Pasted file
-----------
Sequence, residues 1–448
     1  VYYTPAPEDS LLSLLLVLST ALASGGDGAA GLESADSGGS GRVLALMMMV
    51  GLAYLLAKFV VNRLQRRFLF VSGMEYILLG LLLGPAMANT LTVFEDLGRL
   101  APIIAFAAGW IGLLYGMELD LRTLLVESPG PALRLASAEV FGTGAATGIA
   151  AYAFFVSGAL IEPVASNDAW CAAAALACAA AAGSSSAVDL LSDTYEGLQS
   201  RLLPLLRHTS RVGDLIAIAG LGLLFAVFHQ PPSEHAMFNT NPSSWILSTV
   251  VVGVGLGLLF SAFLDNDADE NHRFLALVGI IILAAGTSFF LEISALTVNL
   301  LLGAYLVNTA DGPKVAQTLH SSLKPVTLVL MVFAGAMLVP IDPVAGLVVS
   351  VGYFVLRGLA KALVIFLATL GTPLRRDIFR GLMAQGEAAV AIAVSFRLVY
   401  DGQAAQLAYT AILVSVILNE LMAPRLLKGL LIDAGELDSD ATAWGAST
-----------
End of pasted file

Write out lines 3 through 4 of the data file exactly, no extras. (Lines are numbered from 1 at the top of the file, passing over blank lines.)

    51  GLAYLLAKFV VNRLQRRFLF VSGMEYILLG LLLGPAMANT LTVFEDLGRL
   101  APIIAFAAGW IGLLYGMELD LRTLLVESPG PALRLASAEV FGTGAATGIA